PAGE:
Looking back I realize how dismal the apartment seems when I describe it, but at that time I was ecstatic to have it. I was so grateful for that little Chalet. It was quaint and cozy, but most importantly, it was ours. There was no more abuse, no more screaming, and no more yelling. There was no arguing and no crying. But most importantly, there was no more fear. It was just the two of us, finally living in peace. Despite the obvious challenges, it was the happiest I’d been in years.

One evening I was at the laundry mat, washing our clothes and reading a book to my son. He was always such a little busy body, so I had to occupy him nonstop to keep him from crawling around the dirty, lint-lined floors. He finally fell asleep in my arms and I sat there watching the clothes spiral in the machines in front of me. That’s when it dawned on me: I was a single mom on a limited income, I should be able to qualify for some government assistance. My pride didn’t want to go there, but I only needed temporary help, until I could get back on my feet. I decided it couldn’t hurt to accept a little help if it was available, especially for healthcare and food. Besides, isn’t that what the system was designed for? To help people who are struggling get back on their feet?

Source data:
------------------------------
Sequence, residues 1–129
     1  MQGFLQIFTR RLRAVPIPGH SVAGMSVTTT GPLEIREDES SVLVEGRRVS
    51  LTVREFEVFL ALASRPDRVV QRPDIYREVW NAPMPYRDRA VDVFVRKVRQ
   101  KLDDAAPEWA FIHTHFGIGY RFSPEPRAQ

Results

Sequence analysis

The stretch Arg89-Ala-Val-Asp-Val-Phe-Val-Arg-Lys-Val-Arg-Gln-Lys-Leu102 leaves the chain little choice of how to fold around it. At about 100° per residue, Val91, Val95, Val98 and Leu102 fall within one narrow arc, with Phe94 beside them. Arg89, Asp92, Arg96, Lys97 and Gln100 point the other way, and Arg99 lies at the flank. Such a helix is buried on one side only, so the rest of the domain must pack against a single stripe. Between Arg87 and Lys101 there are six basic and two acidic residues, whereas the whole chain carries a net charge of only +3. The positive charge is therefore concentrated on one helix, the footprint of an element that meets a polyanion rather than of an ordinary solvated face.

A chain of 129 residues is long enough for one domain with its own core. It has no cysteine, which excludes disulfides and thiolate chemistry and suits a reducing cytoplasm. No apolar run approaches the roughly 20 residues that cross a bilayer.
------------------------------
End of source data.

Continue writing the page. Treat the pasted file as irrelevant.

The next day I went downtown to the Social Services Department to fill out the paperwork. I sat in the waiting room and took a look around. The room was packed with people of all ages and races, and kids were running all around the room. It smelled like moth balls and Lysol. I was trying to hold my toddler still but he was fussy and wiggling in my lap.